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What Does Dismissal For “Some Other Substantial Reason” Mean?

Under section 94 of the Employment Rights Act 1996, an employee has the right not to be unfairly dismissed. If an employer wants to dismiss an employee with the necessary length of service, the employer needs to be able to show that they had a good reason to take that action and that they did so in a fair manner.

If an employee started work with the employer after 6 April 2013, they need to have built up two years’ continuous service before they’re protected by the law. Those who started work before that date need to only have one year’s continuous service to achieve the same protection.

If an employee enjoys protection under the law, the employer needs to be wary when considering dismissal.

There are five potentially fair reasons for dismissing an employee:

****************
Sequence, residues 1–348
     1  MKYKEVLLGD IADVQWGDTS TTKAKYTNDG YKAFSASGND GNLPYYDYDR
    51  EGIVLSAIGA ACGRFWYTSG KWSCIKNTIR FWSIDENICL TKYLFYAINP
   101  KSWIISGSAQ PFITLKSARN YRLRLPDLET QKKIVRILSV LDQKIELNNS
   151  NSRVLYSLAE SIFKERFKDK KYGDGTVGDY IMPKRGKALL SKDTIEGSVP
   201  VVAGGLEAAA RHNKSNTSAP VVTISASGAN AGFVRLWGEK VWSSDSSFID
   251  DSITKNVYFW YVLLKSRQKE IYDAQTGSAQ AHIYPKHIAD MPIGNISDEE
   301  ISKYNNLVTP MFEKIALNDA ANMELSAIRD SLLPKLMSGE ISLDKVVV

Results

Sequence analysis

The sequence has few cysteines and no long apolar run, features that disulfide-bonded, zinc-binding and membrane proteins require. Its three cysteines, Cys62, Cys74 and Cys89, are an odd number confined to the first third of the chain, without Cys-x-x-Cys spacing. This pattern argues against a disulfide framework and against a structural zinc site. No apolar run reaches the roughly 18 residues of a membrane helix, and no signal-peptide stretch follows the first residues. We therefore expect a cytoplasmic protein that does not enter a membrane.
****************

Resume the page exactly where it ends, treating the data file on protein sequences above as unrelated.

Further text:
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3 Things We Learnt In Law This Week (27 December 2018)

Does an Employee Have a Right to a Statement of Employment Particulars When Employed for Less Than 2 Months?

Yes, if they have worked continuously for at least 1 month, held the EAT in Stefanko and others v Maritime Hotel Ltd.

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When is it Possible to Dismiss an Employee for Gross Misconduct?

Gross misconduct is misconduct so serious as to justify the immediate dismissal of an employee. Certain acts, such as theft, fraud, physical violence or serious negligence would almost always be gross misconduct.

Employers must always take into account the nature of their business and the circumstances surrounding the misconduct before any decision to dismiss is made. What is deemed to be gross misconduct in one industry may not be in another. For example, regularly using offensive language may be treated differently in different sectors and working environments.

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